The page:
Yesterday, Daniel Castro of the Information Technology and Innovation Foundation (ITIF) addressed criticism of the Stop Online Piracy Act and the PROTECT IP Act in a lengthy and well documented study. Many opponents of the legislation have claimed that it would “break the Internet.” Castro writes that this criticism is “completely unfounded and without merit.”
The PROTECT IP Act (S.968) in the Senate and the Stop Online Piracy Act (H.R. 3261) in the House target websites that sell counterfeit goods and profit from trafficking in stolen content like movies and music. The bills have bipartisan support and are backed by both business and labor and a wide range of law enforcement groups. It’s rare for legislation in Congress to have that kind of support.
“Many inaccurate claims have been made about PIPA/SOPA by opponents of the legislation. The most serious of these claims to date is that the proposed countermeasures in PIPA/SOPA, particularly the DNS filtering obligation, would ‘break the Internet’ or otherwise harm users. This claim, which has been used by critics to rally the public, media and lawmakers to their cause, is completely unfounded and without merit.”
Castro also addresses claims about censorship:
“Some critics of PIPA/SOPA argue that the legislation will restrict lawful free speech and is a form of censorship. Ideological critics have called the PIPA/SOPA the ‘first American Internet censorship system.’ The Internet Society argues that DNS filtering ‘has the potential to restrict free and open communications and could be used in ways that limit the rights of individuals or minority groups.’ Of course it could. ISPs or the U.S. government could use DNS filtering to block sites they do not like. But guns can be used by criminals to kill people too and that does not mean that we do not let the police or security guards have guns. It is not the tool of DNS blocking that is at issue, but the legal regime in which the tool is allowed to be used. Some of these opponents of PIPA/SOPA are more interested in protecting access to free illegal content than they are in protecting free speech. Yet aside from these bold claims, critics have done little to show how enforcing IP rights violates any American’s First Amendment rights.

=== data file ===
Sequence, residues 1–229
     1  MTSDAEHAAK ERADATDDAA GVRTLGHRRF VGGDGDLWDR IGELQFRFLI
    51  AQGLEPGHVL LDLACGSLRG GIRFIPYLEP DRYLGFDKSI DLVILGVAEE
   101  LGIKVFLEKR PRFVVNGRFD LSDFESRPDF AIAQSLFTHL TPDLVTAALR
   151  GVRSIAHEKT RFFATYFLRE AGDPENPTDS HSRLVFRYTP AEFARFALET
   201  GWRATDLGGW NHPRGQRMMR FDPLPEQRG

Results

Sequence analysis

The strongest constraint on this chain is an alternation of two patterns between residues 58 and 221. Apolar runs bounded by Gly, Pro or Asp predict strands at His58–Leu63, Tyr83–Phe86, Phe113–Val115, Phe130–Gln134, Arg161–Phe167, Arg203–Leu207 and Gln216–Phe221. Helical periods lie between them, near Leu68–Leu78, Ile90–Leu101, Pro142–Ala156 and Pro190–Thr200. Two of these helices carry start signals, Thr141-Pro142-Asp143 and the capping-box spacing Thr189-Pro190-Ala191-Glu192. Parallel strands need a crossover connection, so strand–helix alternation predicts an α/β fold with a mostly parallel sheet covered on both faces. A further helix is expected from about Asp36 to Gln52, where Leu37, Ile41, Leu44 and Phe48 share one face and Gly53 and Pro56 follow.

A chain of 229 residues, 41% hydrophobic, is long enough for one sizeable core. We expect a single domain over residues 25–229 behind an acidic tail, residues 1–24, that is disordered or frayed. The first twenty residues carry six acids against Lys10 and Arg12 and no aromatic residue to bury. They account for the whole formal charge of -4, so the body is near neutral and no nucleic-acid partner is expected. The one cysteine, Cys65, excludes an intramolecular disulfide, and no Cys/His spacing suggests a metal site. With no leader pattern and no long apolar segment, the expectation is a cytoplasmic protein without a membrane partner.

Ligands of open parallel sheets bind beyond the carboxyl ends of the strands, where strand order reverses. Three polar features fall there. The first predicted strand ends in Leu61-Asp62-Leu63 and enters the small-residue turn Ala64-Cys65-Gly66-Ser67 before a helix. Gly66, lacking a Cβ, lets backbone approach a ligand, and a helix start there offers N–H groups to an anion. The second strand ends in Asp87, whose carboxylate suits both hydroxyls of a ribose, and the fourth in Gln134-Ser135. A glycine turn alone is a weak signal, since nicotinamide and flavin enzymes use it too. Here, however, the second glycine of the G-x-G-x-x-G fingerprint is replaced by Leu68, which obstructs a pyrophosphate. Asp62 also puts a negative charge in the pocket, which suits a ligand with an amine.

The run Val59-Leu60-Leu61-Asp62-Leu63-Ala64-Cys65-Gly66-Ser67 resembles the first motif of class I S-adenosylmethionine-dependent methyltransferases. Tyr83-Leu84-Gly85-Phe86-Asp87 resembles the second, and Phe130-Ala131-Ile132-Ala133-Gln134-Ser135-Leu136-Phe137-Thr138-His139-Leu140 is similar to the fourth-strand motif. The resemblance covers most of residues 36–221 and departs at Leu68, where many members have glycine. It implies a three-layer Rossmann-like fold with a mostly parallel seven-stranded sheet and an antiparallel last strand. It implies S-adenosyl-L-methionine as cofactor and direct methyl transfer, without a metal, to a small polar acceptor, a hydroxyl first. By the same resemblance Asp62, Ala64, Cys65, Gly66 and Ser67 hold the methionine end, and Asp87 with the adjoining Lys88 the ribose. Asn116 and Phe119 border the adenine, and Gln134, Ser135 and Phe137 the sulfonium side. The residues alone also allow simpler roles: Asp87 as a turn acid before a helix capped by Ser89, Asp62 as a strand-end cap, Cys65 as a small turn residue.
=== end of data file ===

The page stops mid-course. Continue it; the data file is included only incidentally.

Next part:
“Critics of PIPA/SOPA are trying to suggest that if a user is prevented from obtaining a pirated copy of the latest Hollywood film, this is an unlawful restriction of their Constitutional rights. Human rights, including the freedom of speech, are a fundamental part of our democracy and deserve the utmost respect. But this legislation makes no attempt to regulate speech on the Internet. An individual’s right to free speech is not a license to infringe on the IP rights of others. The freedom of speech does not give Internet users the right to steal digital content.”
Critics of rogue websites legislation have been wrong about content protection laws before and they’re wrong again now. If rogue websites legislation passes, American jobs will be preserved and the Internet will continue to be free and open. Content protection laws have given us the Internet of today, alive with innovation, free speech and commerce.